It's a wonderful thing. If you've caught the bug, you've already been feeling the tug, and it will keep tugging, until you cave, so you might as well cave sooner then later.

    Start flexing those damn muscles and your brain will follow suit, trust me.
     
  5. mammamaia
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    mammamaia nit-picker-in-chief Contributor

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    good advice and caring encouragement, gg...

    btw, since 'per se' [per say (sic)] is a latin term it always requires the latin spelling...
     
  6. Thomas Kitchen
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    Thomas Kitchen Proofreader in the Making Contributor

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    Hello there, Rodney Adams!

    When I fancy a challenge or even just an exercise like you're after, then I tend to use the website Seventh Sanctum. Follow this link (http://www.seventhsanctum.com/index-writ.php) and then click on one of the titles that grabs your attention. Doing so will generate ideas and quick story ideas for you to get started, so for example, it might say "write a story with a crossbow in it." This may seem a little vague, but this will be good for your creativity. And remember that you don't have to begin by writing a novel - even one scene is good enough when getting started!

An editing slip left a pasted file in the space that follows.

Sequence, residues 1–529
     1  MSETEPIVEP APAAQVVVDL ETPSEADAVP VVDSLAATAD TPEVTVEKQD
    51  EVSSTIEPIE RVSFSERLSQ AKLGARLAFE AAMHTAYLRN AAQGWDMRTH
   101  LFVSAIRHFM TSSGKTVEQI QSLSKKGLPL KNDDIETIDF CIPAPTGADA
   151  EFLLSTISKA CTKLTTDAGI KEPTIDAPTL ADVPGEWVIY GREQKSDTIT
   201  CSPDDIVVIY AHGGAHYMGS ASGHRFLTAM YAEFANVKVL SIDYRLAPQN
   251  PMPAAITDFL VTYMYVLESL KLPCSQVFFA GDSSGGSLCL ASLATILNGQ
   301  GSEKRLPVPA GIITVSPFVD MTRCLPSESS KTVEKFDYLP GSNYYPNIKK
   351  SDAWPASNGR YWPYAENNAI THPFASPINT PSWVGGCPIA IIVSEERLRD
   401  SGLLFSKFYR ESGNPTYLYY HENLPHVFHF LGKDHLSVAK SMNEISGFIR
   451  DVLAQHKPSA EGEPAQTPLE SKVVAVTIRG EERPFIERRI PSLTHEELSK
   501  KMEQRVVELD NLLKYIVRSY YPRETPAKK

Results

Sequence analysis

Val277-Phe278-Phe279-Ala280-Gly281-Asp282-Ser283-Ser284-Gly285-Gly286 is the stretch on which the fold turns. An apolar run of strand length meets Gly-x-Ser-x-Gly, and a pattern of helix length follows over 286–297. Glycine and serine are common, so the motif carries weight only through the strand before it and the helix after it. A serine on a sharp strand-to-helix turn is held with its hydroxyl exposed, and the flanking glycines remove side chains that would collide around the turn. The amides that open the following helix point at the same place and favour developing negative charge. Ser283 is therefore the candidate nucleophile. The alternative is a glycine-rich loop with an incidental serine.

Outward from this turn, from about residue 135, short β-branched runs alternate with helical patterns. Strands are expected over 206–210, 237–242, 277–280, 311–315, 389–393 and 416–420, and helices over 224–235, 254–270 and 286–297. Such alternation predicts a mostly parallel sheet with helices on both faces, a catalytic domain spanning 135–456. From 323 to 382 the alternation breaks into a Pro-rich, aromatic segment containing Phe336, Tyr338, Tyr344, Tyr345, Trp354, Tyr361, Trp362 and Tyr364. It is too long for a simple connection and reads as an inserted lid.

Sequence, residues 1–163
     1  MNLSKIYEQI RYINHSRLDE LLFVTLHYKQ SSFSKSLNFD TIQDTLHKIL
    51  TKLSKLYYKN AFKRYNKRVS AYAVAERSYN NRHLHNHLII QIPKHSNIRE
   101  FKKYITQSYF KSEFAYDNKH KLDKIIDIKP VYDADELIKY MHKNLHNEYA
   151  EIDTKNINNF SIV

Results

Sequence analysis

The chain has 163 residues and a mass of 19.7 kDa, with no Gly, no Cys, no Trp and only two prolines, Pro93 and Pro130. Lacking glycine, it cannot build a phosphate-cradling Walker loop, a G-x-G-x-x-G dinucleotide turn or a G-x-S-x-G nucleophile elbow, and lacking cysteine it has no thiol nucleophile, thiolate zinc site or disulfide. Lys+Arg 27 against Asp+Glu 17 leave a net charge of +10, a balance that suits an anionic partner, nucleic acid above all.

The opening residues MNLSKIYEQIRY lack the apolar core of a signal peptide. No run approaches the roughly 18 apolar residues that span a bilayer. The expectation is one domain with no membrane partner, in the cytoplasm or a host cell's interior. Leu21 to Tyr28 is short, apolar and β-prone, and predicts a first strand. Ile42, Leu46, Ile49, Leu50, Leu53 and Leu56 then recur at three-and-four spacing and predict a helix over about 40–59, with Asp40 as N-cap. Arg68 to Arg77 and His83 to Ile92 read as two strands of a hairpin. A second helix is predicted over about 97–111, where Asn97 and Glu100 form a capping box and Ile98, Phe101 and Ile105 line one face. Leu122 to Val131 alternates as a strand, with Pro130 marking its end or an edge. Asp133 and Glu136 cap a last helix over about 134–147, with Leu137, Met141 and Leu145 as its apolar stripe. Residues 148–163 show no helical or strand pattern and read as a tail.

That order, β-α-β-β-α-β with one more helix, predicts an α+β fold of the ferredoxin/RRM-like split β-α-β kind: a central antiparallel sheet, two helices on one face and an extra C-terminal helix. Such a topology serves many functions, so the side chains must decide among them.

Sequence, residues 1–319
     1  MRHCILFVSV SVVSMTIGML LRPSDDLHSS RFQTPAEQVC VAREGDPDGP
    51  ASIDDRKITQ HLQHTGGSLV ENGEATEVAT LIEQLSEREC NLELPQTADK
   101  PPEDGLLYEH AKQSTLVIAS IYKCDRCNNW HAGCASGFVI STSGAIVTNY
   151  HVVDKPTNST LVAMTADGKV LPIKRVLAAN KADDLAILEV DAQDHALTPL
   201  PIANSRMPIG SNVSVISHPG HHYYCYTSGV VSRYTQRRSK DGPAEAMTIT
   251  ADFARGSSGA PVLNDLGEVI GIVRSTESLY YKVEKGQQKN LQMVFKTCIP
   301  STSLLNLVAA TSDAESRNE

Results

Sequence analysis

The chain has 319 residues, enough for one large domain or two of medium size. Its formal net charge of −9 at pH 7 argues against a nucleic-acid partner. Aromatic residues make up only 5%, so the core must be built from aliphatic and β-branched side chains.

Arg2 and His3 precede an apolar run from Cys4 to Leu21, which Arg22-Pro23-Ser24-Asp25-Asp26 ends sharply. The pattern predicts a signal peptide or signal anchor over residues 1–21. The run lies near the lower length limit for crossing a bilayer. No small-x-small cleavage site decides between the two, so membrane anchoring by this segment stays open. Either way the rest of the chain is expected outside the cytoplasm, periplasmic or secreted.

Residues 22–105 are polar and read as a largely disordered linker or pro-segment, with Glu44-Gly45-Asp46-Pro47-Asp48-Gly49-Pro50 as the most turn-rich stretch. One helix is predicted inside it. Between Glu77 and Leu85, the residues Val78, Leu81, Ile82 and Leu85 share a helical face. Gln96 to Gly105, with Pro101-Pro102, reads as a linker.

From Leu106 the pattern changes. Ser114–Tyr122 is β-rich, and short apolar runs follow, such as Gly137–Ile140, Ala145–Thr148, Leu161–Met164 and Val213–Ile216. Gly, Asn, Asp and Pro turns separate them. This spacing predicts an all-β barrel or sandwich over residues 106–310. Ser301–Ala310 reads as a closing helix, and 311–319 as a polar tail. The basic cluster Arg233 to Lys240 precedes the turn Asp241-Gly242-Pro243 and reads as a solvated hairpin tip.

Welcome aboard. :)
     
  7. erebh
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    erebh Contributing Member Contributor

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    or join an RPG - just google whatever genre you're into followed by RPG and jump in head first - you'll see how other people's brains work and you'll quickly find your feet
     
  8. jwideman
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    jwideman Senior Member

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    I would never try to discourage a new writer, so don't take this the wrong way...